the exposure. Larger commercial exposures will likely

or not, the risk seemed to be a poor candidate for risk

require standalone coverage, which is available from

retention.

specialty wholesalers.

If my insurer, Erie Insurance Company, is any indication,

But there is an upside. If my policy is any indication,

the ratio of quake premiums to homeowner premiums is

there’s a potential for organic growth of 10% in an agen-

about $1 to $10. In addition, it’s reasonable to estimate

cy’s homeowners book. Reach out to agency customers,

that roughly 1 in 100 homeowners nationwide purchase

and consider sharing information about the largest earth-

earthquake insurance. I’ve based that, in part, on con-

quake in your agency’s state (available from USGS) in an

sideration that my home state, Maryland, is about the

agency newsletter, website or social media.

midpoint between higher exposure areas such as California and the New Madrid Seismic Zone near New Madrid, Paul Buse is president of Big I Advantage®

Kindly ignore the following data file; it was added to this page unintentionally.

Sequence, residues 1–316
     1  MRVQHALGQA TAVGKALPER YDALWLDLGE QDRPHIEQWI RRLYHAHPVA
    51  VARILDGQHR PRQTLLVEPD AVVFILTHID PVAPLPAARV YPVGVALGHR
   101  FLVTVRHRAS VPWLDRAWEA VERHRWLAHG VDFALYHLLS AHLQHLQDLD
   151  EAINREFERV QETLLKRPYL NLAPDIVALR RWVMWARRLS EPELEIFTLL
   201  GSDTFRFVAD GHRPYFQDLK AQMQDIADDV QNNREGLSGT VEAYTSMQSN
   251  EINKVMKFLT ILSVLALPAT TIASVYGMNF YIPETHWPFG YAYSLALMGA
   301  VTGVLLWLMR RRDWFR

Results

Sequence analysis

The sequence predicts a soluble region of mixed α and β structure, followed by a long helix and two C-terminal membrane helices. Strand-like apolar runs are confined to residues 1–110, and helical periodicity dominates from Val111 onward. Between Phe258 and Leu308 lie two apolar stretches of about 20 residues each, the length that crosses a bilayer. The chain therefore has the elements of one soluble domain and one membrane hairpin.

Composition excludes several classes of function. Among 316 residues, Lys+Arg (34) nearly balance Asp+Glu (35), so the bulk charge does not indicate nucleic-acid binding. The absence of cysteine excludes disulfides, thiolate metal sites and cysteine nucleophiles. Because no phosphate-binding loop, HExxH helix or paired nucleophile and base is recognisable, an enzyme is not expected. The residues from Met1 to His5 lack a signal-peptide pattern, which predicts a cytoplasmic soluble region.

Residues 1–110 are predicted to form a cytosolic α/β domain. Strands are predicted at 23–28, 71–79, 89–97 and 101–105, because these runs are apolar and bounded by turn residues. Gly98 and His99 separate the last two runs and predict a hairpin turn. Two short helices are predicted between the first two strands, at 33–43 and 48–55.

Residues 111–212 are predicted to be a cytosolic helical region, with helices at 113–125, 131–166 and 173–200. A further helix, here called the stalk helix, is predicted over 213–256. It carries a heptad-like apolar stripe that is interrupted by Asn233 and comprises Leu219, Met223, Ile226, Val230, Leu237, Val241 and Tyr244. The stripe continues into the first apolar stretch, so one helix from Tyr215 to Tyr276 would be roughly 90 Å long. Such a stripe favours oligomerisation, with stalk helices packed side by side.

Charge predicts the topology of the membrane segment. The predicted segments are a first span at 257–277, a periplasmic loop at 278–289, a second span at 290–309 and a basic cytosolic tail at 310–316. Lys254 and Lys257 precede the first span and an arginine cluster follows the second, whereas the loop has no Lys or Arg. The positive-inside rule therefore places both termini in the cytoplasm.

Mo., and lower exposure areas such as Wisconsin and

and a licensed P&C agent.

Minnesota, according to USGS data. This benchmark was also calculated using industry figures for the ratio earthquake premiums to homeowner premiums for mostly personal lines direct writers. The ratio was almost $1 of quake premiums to $100 of homeowner premiums. Assuming my Maryland policy is a good pricing midpoint, the percentage of people purchasing earthquake premiums nationally would be 10% of homeowners. In addition, it’s also likely that about every 10th person purchases earthquake insurance because premiums are close to $1 in $100 for direct writers.

2010 Net Written Premiums

Homeowners (in thousands)

Earthquake

Ratio

(in thousands)

Quake to HO

State Farm Group*

$14,335,361

$207,426

$1.4 to $100

Allstate Insurance

$ 6,318,225

$ 0

$0 to $100

Farmers Insurance Group*

$ 3,213,773

$ 18,409

50 cents to $100

Travelers Group

$ 3,901,626

$109,579

$3.40 to $100

Liberty Mutual Ins.

$ 2,926,888

$ 62,064

$2.10 to $100

USAA Group*

$ 2,791,487

$ 10,225

40 cents to $100

Nationwide Group*

$ 2,697,068

$ 47,603

$1.80 to $100

Chubb Group of Ins

$ 1,600,901

$ 55,378

$3.50 to $100

American Family Group*

$ 1,408,866

$ 14,012

$1 to $100

Hartford Insurance Group

$ 1,064,235

$ 24,547

$2.30 to $100

*Direct Writer Average

$94 cents to $100 *weighted average Source: 2011 A.M. Best Aggregates & Averages

Independent Insurance Agents of New Mexico - www.iianm.org - * January 2012

Page 21


dealing with divorce

VU Fa

culty